(2) Unknown chemical components. Medical pot can only be easy to get to and affordable in herbal form. Like other herbs, pot falls under the family of botanical products. Unpurified botanical products, however, face many problems including lot-to-lot consistency, dosage determination, capability, shelf-life, and toxicity. According to the IOM report if there is any future of pot as a medicine, it lies in its singled out components, the cannabinoids and their man made derivatives. To completely characterize the different components of pot would cost so much time and money that the costs of the medications that will emerge from it would be way too high. Currently, no drug company seems interested in investing money to separate more therapeutic components from pot beyond what is already you can find.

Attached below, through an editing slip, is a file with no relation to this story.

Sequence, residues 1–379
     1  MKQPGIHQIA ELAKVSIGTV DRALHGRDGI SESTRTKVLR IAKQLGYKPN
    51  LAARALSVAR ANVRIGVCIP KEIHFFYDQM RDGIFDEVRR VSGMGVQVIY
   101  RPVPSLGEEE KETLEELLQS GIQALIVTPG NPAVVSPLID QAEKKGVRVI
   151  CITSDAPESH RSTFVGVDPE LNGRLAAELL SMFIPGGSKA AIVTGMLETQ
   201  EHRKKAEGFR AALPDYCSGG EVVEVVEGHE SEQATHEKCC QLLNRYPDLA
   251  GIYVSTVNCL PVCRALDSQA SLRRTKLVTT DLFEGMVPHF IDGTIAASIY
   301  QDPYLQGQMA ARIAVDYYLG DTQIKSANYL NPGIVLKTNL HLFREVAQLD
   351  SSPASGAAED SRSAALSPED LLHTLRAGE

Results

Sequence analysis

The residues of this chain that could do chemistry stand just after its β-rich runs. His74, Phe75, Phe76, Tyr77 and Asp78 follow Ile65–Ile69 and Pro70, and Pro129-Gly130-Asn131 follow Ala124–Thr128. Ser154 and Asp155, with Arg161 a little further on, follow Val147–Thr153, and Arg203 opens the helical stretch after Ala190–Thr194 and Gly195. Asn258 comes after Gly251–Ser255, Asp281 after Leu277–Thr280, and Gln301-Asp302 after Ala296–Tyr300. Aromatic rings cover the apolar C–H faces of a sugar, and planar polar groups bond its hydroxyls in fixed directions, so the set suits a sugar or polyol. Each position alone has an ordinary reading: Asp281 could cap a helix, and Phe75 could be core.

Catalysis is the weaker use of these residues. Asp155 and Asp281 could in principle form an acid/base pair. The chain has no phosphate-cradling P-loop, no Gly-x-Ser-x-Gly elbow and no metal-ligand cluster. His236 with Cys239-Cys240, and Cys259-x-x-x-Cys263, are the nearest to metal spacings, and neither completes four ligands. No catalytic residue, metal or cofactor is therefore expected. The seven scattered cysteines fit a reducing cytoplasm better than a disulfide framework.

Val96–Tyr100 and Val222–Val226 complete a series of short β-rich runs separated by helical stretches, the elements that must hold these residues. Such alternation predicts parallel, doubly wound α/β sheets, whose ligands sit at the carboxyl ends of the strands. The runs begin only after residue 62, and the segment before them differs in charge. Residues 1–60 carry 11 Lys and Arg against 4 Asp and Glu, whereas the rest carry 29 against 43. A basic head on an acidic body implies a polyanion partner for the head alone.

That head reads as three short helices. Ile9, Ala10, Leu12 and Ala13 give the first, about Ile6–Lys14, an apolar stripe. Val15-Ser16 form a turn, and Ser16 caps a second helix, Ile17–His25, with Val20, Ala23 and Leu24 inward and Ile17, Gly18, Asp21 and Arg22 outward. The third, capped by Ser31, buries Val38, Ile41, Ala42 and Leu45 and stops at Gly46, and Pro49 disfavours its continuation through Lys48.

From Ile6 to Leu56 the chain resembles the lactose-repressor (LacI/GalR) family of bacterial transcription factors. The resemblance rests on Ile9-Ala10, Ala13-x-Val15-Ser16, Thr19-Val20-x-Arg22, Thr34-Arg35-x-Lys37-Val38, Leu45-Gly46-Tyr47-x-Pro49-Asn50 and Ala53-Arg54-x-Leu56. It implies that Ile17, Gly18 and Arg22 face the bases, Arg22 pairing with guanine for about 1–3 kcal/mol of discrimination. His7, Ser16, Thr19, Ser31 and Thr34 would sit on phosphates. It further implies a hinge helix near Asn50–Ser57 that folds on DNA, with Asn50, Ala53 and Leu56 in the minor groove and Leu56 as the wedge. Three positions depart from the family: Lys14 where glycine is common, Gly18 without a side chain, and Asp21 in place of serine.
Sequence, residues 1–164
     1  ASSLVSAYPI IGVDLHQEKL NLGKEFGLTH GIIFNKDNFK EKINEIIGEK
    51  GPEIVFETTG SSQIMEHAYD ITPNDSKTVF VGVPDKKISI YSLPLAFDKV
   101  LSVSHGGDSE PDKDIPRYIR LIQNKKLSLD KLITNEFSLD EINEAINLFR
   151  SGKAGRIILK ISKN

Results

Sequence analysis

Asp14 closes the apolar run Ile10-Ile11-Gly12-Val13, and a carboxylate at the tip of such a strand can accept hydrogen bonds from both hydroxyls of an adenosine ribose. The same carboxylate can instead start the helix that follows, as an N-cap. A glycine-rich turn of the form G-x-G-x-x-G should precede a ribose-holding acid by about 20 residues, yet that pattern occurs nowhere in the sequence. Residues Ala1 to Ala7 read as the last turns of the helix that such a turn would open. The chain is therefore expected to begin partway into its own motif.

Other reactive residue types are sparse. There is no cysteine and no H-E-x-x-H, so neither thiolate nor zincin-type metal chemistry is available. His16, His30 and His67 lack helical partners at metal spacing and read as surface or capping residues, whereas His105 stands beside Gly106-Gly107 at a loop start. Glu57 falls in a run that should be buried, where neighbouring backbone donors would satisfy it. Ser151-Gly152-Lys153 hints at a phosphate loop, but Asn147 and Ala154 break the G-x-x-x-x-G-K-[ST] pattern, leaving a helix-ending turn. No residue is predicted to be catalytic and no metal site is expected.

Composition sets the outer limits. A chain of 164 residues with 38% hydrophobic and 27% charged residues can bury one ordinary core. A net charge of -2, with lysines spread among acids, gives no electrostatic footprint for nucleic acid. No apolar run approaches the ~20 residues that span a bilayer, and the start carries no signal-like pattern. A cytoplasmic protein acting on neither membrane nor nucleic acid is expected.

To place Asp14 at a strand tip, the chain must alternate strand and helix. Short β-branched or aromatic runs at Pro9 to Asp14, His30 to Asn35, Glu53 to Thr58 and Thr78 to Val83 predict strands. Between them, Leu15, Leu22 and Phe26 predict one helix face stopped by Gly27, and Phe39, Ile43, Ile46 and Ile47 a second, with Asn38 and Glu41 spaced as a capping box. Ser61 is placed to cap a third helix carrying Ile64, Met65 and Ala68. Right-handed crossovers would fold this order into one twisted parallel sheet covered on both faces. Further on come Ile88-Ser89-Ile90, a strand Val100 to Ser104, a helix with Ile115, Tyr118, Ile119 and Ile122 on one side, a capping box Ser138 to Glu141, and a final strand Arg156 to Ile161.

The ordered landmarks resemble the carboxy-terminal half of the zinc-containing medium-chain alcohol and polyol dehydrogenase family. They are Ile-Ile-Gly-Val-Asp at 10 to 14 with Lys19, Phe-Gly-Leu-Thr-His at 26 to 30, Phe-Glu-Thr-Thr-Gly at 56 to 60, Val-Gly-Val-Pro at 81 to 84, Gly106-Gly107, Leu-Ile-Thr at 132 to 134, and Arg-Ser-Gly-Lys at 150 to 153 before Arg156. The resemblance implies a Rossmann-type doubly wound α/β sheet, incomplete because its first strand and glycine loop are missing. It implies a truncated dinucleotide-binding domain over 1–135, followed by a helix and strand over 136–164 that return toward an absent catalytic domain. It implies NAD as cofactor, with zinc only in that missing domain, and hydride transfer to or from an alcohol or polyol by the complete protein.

(3) Potential for abuse. Pot or cannabis is enslaving. It may not be as enslaving as hard drugs such as cocaine; nonetheless it cannot be refused that there is a potential for substance abuse associated with pot. It’s been demonstrated by a few studies as made clear in the IOM report.

(4) Lack of a safe delivery system. The most common form of delivery of pot is through smoking. Considering the current trends in anti-smoking legislations, this form of delivery will never be approved by health authorities. Reliable and safe delivery systems in the form of vaporizers, nebulizers, or inhalers are still at the testing stage.

(5) Warning sign reduction, not cure. Even if pot has therapeutic effects, it is only addressing the symptoms of certain diseases. It does not treat or cure these illnesses. Given that it is effective against these symptoms, there are already medications available which work as well or even better, without the side effects and risk of abuse associated with pot